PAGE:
In proposal writing, your first step should always be to gather information about the party who will judge your proposal. That's because you want to present a proposal tailored to that party's specific needs and knowledge level. In other words, you need to put yourself in the other party's shoes and look at the situation from that party's point of view. If you are pitching to your boss or your company executives, you might already understand their positions and their concerns. But if you are pitching to people at another company, then you will need to do a bit of work researching who they are, what they do, and what their needs are. Yes, that research can take a bit of effort, but putting in that effort makes your proposal much more likely to succeed.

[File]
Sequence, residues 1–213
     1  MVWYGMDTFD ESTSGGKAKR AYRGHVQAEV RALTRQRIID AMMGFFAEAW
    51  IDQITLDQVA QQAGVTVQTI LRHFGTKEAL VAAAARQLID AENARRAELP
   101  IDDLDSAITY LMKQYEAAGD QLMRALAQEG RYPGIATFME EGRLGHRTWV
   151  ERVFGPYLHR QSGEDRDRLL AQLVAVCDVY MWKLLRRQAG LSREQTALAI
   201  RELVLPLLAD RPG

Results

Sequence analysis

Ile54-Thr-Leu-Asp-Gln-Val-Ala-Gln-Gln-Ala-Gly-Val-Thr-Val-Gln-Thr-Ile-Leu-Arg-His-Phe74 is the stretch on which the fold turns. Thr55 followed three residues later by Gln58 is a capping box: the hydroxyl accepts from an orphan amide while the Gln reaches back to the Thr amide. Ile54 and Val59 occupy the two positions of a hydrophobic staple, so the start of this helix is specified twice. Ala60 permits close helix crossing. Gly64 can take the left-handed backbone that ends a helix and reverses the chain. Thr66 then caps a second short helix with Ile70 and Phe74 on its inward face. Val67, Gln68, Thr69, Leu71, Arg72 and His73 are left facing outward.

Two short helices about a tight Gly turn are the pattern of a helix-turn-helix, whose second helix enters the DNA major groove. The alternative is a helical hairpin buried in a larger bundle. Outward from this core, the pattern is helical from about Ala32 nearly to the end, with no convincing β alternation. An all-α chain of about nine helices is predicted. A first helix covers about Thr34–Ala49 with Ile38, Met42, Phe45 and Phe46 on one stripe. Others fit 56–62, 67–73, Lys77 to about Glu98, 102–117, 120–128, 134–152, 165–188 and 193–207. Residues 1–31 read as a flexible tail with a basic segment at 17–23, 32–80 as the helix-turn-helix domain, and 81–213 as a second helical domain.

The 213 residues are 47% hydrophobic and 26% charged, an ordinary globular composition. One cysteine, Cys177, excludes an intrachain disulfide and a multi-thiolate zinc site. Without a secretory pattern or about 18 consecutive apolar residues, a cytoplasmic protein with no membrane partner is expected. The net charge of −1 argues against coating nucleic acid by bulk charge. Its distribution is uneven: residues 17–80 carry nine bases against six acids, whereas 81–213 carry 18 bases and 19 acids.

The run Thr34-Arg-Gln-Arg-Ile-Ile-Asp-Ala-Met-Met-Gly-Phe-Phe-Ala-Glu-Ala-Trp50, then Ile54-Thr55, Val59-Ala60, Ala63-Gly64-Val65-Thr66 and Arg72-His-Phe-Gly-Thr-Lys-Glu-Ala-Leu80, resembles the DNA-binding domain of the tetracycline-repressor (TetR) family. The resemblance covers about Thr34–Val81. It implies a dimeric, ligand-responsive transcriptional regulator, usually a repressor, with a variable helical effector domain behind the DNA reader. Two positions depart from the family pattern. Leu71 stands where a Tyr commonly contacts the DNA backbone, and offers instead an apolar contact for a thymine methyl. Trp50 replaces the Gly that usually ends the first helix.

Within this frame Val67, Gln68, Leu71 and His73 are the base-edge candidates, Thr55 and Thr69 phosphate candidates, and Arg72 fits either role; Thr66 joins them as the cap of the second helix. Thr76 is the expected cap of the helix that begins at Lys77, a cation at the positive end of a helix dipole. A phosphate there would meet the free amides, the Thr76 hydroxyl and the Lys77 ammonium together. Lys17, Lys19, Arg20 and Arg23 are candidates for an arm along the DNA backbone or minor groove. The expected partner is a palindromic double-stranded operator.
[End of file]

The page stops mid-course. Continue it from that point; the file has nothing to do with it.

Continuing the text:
Templates are a major time_saver: The most obvious benefit of using a template is that it's a major time_saver. You don't have to create everything from scratch because a lot of the complex work is done fore you. A template allows you to drop in the look you want and then customise according to your needs. This is significantly faster than starting from a blank canvas. Templates can give you a competitive advantage: When you manage projects and delivery it successfully, it's essentially competing with other project managers, departments or against another company.